Berry clafoutis: easy, nutritious, and extremely yummy! But what is a clafoutis, you ask? This site here explains,
Clafoutis has a long history. Born in Limousin, in southern central France, a couple of centuries ago, it traditionally was made with black cherries. (Purists would say that a clafoutis made with red cherries, plums, apricots, pears or cranberries would properly be called a flaugnarde, but there’s no need to be quite so pedantic.) The name clafoutis comes from the verb clafir, a rustic old word that means “to fill,” because after you arrange the fruit on a buttered baking dish, you fill the pan with eggy batter. Long ago, cooks left in the cherry pits to add a hint of almondy lift, but today we can spare our teeth by leaving them out and adding a jot of almond extract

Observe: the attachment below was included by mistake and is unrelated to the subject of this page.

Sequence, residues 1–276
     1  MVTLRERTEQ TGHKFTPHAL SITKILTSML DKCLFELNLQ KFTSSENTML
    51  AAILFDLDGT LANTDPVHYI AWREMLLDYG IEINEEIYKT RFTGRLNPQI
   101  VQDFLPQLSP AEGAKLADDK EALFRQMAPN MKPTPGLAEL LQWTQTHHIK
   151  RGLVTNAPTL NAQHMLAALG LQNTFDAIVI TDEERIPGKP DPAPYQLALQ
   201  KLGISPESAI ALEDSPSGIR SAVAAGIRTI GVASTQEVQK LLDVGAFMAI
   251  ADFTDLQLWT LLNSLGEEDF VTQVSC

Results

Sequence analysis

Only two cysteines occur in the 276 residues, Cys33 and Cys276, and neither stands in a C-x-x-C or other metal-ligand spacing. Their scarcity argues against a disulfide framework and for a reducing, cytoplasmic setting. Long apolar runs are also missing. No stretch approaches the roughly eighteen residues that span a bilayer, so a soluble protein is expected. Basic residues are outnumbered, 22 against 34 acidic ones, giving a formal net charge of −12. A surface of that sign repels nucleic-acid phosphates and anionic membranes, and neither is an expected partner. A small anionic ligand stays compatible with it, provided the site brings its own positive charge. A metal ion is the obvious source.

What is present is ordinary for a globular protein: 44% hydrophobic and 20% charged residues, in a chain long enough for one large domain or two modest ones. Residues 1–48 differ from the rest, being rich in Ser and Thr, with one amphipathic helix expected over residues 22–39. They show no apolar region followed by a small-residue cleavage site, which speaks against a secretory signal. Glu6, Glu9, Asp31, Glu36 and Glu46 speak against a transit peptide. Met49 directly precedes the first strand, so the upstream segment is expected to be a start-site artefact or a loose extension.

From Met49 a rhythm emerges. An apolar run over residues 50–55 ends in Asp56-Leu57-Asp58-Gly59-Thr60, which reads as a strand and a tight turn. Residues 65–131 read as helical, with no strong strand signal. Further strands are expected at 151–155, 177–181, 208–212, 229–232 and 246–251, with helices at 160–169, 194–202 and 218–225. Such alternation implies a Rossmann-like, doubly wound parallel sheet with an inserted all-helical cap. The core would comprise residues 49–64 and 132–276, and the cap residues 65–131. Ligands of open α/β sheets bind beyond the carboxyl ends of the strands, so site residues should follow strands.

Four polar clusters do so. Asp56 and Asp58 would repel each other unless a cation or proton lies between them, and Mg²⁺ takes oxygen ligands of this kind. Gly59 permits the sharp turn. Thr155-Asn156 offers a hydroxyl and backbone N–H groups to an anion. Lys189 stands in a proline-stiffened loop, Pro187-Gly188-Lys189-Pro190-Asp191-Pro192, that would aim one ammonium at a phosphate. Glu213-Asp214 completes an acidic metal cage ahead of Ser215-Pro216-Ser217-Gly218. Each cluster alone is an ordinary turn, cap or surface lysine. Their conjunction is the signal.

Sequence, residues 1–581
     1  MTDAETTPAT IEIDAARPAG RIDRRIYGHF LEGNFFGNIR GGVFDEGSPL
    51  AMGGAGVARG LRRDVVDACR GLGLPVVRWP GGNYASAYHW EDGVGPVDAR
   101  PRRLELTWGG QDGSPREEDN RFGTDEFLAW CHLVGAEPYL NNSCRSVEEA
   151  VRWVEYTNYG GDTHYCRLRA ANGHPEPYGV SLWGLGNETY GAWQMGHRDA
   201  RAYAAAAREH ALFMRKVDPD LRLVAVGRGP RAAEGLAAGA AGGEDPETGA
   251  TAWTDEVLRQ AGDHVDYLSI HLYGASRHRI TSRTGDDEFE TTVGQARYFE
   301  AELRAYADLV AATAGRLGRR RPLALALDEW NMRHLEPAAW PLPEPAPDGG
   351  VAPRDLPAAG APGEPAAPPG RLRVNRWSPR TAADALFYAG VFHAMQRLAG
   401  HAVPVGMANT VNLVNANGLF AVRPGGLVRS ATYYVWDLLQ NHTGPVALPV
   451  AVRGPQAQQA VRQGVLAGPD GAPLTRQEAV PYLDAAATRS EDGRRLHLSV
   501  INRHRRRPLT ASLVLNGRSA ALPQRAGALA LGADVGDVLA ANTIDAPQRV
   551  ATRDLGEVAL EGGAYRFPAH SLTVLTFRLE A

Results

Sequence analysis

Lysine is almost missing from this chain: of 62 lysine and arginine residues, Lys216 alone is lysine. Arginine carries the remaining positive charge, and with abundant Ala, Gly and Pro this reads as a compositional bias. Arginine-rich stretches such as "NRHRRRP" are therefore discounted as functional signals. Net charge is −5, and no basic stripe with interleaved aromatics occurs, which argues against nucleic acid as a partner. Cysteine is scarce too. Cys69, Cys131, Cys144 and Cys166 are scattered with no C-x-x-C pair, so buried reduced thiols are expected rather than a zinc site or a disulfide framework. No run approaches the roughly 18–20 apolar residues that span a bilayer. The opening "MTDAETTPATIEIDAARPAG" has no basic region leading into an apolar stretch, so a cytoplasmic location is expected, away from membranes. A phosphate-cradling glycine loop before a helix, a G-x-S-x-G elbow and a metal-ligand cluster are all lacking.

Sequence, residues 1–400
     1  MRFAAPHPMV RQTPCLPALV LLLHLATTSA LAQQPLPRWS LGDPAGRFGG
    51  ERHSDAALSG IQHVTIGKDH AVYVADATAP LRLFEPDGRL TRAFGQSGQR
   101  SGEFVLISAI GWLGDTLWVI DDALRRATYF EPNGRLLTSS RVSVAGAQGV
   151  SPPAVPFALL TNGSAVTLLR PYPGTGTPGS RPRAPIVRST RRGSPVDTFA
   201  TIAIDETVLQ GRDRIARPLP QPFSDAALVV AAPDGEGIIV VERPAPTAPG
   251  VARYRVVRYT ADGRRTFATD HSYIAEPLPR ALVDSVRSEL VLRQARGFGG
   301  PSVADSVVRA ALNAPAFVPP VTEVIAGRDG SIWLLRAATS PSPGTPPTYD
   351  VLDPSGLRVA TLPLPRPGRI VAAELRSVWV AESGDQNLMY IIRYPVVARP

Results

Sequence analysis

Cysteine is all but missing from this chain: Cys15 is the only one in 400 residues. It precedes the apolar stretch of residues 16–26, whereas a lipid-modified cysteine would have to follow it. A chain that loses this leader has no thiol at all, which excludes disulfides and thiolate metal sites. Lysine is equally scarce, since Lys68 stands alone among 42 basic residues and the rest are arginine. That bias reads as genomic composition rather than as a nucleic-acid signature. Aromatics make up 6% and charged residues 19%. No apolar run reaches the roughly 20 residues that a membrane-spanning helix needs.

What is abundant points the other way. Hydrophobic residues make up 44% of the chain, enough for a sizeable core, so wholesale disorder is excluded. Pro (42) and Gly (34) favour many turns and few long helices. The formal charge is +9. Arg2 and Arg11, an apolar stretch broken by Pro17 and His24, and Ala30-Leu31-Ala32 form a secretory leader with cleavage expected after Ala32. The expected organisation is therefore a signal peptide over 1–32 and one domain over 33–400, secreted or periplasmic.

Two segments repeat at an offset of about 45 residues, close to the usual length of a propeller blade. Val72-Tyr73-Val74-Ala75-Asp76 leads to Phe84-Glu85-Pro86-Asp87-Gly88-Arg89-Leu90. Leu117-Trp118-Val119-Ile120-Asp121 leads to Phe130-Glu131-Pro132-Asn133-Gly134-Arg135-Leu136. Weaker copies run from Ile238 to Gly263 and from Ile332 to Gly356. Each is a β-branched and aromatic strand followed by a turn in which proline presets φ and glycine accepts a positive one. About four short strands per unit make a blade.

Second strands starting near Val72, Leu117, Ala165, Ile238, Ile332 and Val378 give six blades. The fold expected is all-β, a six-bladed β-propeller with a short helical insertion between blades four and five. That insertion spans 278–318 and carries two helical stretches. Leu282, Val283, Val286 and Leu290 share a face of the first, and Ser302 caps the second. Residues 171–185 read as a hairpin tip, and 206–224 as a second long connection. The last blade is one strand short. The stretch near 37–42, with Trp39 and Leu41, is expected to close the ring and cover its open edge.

The recipe here that produced the (pitted) cherry clafoutis pictured above, adds the “almondy lift” in the form of almond “flour” (meal, more like). It also suggests adding a few tablespoons of either kirsch, eau de vie de myrtille, or crème de cassis to the batter, which I’ve yet to try, though I think the Boomerang will definitely recommend it when I do!